Deogratias Eustace, University of Dayton – Why Roundabouts? Known Benefits of these Circular Intersections Explained

No one likes waiting at a red light; enter the roundabout.

Deogratias Eustace, professor and director of graduate studies at the University of Dayton, looks around to find out how traffic circles can make a big difference for drivers.

Professor of transportation engineering in the Department of Civil and Environmental Engineering and Engineering Mechanics at the University of Dayton. His interest research areas include traffic safety, data analytics in transportation engineering, impact of connected vehicles technology on traffic safety and operations, and emerging mobility services. He is the department’s director of graduate studies and director of the Transportation Engineering Laboratory (TEL). He graduated with a Ph. D. in civil engineering from Kansas State University.

Why Roundabouts? Known Benefits of these Circular Intersections Explained

Roundabouts, also known as traffic circles or rotaries, are circular intersections. They offer several advantages over conventional intersections controlled by traffic signals or stop signs, but by far the most important one is safety. While a relatively new traffic control measure, roundabouts are catching on across the United States. The first modern roundabout in the U.S. was built in Las Vegas, in 1990. Over the past two decades, that number has grown to over 10,000.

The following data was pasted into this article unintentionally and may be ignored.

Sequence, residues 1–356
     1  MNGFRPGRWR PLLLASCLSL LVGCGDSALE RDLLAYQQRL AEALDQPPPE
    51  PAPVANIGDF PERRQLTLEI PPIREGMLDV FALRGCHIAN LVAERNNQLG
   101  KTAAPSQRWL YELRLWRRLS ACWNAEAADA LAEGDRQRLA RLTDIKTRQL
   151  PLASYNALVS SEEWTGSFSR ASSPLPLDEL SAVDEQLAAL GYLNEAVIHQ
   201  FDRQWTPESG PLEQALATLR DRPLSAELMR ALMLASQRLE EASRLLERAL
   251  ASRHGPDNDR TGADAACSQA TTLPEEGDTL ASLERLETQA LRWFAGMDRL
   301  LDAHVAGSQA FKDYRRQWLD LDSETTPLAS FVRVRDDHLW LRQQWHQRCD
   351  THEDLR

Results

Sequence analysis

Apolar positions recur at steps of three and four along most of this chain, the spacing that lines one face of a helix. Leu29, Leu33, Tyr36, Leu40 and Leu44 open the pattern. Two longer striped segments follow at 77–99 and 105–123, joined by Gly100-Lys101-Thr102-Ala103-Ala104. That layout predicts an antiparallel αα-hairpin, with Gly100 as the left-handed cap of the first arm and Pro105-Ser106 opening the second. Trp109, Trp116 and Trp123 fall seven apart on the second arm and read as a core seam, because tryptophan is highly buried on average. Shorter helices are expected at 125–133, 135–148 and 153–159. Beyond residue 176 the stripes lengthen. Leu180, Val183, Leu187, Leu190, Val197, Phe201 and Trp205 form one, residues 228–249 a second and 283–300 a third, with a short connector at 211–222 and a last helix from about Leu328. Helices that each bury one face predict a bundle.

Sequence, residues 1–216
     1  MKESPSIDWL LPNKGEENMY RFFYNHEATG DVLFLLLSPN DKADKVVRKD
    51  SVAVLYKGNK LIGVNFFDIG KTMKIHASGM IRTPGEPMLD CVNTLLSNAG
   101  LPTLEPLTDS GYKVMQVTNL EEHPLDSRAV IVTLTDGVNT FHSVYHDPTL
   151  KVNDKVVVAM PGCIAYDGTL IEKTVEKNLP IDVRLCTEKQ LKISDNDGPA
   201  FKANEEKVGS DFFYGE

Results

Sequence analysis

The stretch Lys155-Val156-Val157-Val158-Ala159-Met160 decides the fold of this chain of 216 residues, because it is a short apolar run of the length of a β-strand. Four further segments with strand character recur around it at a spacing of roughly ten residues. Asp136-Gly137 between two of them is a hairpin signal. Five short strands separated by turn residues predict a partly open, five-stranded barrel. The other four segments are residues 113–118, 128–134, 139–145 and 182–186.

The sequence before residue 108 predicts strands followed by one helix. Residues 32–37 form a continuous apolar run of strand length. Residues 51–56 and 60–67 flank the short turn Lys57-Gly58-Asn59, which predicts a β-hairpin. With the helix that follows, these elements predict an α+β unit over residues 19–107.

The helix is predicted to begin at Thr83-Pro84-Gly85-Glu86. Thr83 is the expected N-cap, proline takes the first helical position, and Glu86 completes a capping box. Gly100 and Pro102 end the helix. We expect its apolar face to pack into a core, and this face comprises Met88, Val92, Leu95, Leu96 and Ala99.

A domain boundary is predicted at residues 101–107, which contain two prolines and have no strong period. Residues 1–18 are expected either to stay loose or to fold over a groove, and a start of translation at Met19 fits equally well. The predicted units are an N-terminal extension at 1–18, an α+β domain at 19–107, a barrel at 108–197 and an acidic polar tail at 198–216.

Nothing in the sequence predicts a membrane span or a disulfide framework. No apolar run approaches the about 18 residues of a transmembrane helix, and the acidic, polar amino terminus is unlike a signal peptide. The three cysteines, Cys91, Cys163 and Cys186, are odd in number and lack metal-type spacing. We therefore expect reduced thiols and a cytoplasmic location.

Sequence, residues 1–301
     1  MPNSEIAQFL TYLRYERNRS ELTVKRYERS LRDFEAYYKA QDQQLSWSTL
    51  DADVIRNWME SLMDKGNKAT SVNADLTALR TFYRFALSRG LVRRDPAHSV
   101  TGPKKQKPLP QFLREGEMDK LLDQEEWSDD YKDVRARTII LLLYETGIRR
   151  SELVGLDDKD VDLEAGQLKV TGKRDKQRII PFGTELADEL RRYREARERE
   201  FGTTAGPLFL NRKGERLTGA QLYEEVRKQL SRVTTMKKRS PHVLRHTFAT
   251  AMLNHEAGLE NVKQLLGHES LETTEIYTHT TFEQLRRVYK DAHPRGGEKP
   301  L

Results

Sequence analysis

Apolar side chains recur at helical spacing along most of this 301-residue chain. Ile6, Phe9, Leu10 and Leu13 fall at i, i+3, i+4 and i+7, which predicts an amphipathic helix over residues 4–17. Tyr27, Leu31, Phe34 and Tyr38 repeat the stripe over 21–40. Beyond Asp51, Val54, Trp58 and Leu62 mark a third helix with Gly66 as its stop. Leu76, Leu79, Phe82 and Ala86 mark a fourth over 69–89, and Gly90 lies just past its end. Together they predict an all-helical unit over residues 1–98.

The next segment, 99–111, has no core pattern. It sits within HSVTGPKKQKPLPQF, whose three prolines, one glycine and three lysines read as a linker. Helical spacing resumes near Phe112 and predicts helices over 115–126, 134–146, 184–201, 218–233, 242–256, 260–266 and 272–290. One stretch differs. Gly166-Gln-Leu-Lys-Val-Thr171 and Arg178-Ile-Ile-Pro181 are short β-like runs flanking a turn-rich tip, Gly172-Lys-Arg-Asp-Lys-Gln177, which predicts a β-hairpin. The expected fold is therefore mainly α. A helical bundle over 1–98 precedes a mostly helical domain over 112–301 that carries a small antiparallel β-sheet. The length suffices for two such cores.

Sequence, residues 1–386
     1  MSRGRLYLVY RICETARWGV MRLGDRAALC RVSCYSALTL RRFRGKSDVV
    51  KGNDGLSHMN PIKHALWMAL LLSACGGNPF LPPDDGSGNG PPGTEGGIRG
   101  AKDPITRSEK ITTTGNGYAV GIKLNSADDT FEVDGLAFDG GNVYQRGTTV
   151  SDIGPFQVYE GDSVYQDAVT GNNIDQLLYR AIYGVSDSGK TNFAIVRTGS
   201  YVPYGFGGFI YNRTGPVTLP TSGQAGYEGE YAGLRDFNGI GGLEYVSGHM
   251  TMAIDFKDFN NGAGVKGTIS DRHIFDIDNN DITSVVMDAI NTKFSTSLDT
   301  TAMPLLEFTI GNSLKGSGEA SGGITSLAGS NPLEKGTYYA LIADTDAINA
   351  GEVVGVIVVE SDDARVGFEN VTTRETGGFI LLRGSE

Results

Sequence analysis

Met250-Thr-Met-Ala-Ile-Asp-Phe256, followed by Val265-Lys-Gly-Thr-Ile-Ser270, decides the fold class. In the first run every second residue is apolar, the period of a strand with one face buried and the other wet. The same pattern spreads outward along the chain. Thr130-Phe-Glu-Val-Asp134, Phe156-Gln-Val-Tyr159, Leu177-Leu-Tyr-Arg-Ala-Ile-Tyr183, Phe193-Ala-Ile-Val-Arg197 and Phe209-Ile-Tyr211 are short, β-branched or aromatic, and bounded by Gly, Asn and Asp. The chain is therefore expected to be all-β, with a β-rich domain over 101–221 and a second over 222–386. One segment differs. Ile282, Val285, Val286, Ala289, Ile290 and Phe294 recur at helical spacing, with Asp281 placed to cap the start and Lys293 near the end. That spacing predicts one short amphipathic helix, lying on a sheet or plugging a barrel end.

Studies have shown that when a roundabout replaces a stop sign-controlled intersection, it reduces serious and fatal injury crashes by 90%, and when it replaces an intersection with a traffic light, it reduces serious and fatal injury crashes by nearly 80%. Where does this magic come from? It is simple. A roundabout reduces potential conflict points from 32 at a conventional four-way intersection to 8. The more conflict points, the more likely vehicles are to crash. At roundabouts, vehicles don’t cross each other at a right angle, and there are fewer points where vehicles merge or diverge into or away from each other.

They use yield-at-entry regulations which means vehicles drive through them more slowly with splitter islands (raised curbs where vehicles enter and exit) controlling vehicles’ speeds. These features improve traffic flow, reduce congestion and improve safety.

The roundabout’s tight circle forces approaching traffic to slow down and yield to circulating traffic, and then move smoothly around the central island. As a result, roundabouts have fewer stop-and-go issues, which reduces fuel consumption and vehicle emissions and allows drivers to perform U-turns more easily. Since traffic flows continuously at lower speeds in a roundabout, this continuous flow minimizes the need for vehicles to stop, which reduces congestion.

The current roundabout’s widespread adoption suggests that these circular intersections are here to stay.

  1. Patrick White